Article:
One of the many lessons that the marathon has taught me at Philadelphia, Pittsburgh, Boston, Pittsburgh II, Austin and New York is that racing 26.2 miles is not remotely like racing the other distances.
The marathon introduces for the first time the nutrition and hydration factor in a big way, where you are essentially racing and burning more fuel than your body can store and carry.
At the Austin Half Marathon a few weeks ago I ran the race without taking any energy supplements (GU or Clif Bloks) along the course and only taking 6 small sips of water to keep my mouth from feeling too dry along the way to a 1:24:07 finish.
I run many of my training runs up to 12 or 13 miles without any water.
But on Marathon day your body can only function for so long before you start burning fat as fuel instead of Glycogen (for most runners 20-21 miles) and the final 10 kilometers or so of the race is a battle.
That is why a pacing error in the marathon has such a greater impact on your race performance than a similar error on a 10K or half-marathon course.
You can simply “hang on” at the shorter distances and you may slow by :10 seconds a mile or so over the closing stretch of the course, but not the full minute or two minutes per mile that can happen as a runner struggles through those last 6+ miles of the marathon.
Turning a goal time performance or PR into not a miss by :30 or :45 seconds, but a miss by 10 to 15 minutes.
By practicing your fueling and nutrition during your long runs, a marathoner can more or less set themselves up to handle their bodies needs for the race, assuming that the temperature and weather conditions do not throw the athletes a curve ball on race day.
High temperatures when an endurance athlete has been training in mild or cool temperatures has a huge impact as the runner has not had the appropriate period of time to adjust to the heat – usually two to three weeks.
Wind is another factor that dehydrates runners more than a calm day, even though the temperature may “feel cooler” due to the cooling effect of running into a breeze. It is on those race days where a marathoner needs to drink even more frequently than usual to make sure they do not become dehydrated.
But the number one mistake made by more marathoners than any other is pacing.
Going out “too fast” is the death penalty for a goal time marathon. There is no overcoming this mistake. You will crash and crash hard.
The challenge of course is determining what your “ideal pace” or “goal pace” for the given race and race course should be.
If we assume a cool day, 45-55 degrees with light, variable winds and a sound training cycle that deposits a healthy marathoner to the starting line. Then the race becomes one of strategy and course management.
Starting controlled over the first two miles, then increasing your effort to get “on pace” is the soundest of strategy. The most efficient way to run a marathon is to meter out even effort (and pace) over every individual mile of the course.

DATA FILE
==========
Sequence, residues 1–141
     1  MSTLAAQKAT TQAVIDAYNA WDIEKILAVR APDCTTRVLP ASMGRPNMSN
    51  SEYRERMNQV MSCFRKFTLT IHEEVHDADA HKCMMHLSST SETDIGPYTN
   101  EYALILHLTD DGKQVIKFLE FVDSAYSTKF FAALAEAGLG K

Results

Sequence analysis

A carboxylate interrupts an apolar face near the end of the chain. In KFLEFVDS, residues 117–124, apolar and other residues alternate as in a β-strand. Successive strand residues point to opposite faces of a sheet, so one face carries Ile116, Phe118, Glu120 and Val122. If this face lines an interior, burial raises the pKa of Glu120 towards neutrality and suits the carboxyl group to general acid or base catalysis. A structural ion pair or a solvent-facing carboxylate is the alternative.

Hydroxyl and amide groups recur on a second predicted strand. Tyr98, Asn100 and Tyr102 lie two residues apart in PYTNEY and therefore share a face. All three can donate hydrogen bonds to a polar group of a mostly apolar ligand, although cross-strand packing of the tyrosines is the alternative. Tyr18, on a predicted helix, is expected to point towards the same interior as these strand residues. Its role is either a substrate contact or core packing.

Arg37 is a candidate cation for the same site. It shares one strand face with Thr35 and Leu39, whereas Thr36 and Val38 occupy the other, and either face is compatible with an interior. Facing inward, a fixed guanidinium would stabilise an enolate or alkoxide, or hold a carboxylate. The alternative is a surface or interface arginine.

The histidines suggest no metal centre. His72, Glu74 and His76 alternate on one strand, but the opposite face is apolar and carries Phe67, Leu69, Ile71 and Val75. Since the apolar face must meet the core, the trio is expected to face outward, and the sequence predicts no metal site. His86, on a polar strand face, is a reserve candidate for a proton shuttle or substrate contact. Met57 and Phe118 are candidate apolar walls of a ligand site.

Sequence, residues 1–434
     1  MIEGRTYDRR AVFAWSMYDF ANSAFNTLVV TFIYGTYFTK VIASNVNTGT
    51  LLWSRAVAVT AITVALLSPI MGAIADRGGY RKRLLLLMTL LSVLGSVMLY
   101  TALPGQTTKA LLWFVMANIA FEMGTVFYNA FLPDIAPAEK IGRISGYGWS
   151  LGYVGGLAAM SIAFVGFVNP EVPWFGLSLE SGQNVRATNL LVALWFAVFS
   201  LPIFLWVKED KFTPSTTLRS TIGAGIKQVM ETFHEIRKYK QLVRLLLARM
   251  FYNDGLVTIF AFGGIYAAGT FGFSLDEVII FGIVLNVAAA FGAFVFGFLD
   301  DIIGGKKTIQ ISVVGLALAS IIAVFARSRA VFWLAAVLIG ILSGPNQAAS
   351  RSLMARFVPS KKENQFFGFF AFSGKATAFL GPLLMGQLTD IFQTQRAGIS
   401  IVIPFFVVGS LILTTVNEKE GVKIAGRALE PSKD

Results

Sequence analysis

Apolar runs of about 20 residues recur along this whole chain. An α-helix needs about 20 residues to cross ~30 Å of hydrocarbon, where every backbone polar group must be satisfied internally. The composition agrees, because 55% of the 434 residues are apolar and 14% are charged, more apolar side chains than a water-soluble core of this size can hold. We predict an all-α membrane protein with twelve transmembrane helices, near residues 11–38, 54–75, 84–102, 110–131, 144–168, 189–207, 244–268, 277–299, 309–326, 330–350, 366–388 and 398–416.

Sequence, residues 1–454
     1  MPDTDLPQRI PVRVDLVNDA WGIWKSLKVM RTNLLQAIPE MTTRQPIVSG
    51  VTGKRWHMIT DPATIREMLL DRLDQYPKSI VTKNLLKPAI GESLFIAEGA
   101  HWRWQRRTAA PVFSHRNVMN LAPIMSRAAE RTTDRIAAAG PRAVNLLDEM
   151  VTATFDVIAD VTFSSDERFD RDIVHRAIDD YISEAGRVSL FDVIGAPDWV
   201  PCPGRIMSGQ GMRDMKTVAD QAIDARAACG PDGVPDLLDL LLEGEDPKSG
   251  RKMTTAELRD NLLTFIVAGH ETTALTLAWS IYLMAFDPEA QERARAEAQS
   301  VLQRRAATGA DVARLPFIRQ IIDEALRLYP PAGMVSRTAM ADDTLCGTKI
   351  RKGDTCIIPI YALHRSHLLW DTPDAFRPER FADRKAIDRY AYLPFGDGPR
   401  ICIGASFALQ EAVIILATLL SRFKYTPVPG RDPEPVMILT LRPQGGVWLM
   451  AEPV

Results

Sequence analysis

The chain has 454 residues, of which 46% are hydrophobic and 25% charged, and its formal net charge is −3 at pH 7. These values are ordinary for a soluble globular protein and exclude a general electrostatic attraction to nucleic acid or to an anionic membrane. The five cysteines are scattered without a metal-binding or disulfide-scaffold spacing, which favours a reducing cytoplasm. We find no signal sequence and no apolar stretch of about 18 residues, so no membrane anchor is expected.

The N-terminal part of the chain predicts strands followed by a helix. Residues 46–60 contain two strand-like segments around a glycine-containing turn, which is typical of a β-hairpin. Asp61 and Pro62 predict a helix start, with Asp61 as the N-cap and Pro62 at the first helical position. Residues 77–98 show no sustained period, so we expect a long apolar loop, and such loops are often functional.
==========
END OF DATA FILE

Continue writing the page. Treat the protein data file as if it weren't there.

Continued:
Running 26.2 miles at 6:52 pace = 2:59:59
Running each mile spot on 6:52 would be the “best” way to get from Hopkinton to Boston.
But the reality of the situation is, I may not run a single mile at 6:52 pace exactly as Boston is not a flat marathon course. In fact, there are really only two miles that could be considered “somewhat flat” – those being mile 6 and mile 8.
Most of the other “neutral” miles, that neither help nor hurt the marathoner from an individual mile time perspective are miles that feature an uphill portion and an equally steep downhill portion creating a net gain/loss close to zero.
On a course like Boston putting together a race plan is important. Much like the Austin Half Marathon which is a hilly, monster of a course – I try to have certain benchmarks or time goals for the 5K and 10 mile checkpoints to make sure I am “on-pace”.
This allows me to run an “even effort” race, without fixating on my watch and worrying every time my pace falls above or below 6:52 min./mile or in the case of the half-marathon 6:23 min./mile.
There is a great prediction tool available at Runnersconnect.net that takes into account the grade and length of each hill on the Boston Course and assigns a mile score for difficulty.
You simply put in your Goal Time to the calculator – and it will let you know at what pace you should plan to run each individual mile to stay on track.
I won’t look at each individual mile per se, but this will allow me to break the race in Boston down into 4 chunks:
Miles 1 – 3: 20:43
End of Mile 8: 54:48
End of Mile 15: 1:42:39
End of Mile 21: 2:24:20
If we can crest Heartbreak Hill at the end of Mile 21 in approximately 2:24 and change, we have a legitimate shot at coming in under 3 hours.
Our final 5 miles would need to be run at: 6:43, 6:54, 6:41, 6:52, 6:58 with a closing push over the final 2/10 of a mile at 6:55 pace.
With significant downhill stretches over the final 5 miles of the course, the key will be to conserve enough energy to dig deep and push pace to the finish line.
Mistakes made early in the race, such as running an opening three miles too quickly, letting the downhill miles that lead to Newton, MA at mile 16 drop our pace too quickly and beat our quads to a pulp will rob us of our ability to close the race out strong.
Instead of running sub 7:00 minute miles at the end of the race, we may be struggling to run sub 8:00 minute miles. Turning a 2:59:59 attempt into a 3:05 marathon or worse. Potentially much worse.
These are facts, not opinion. I know them to be true like I know that the sun is hot, water is wet and nothing tastes better after yard work than a cold beer.
The key for me is to start ingraining these times into my brain over the course of the next 6 weeks so that on Marathon Monday there is no last minute second-guessing or “going with it” as I run easy over the opening miles on rested legs and “feel great!”.
Everyone feels great at the start of the marathon.
I plan on feeling great at the end.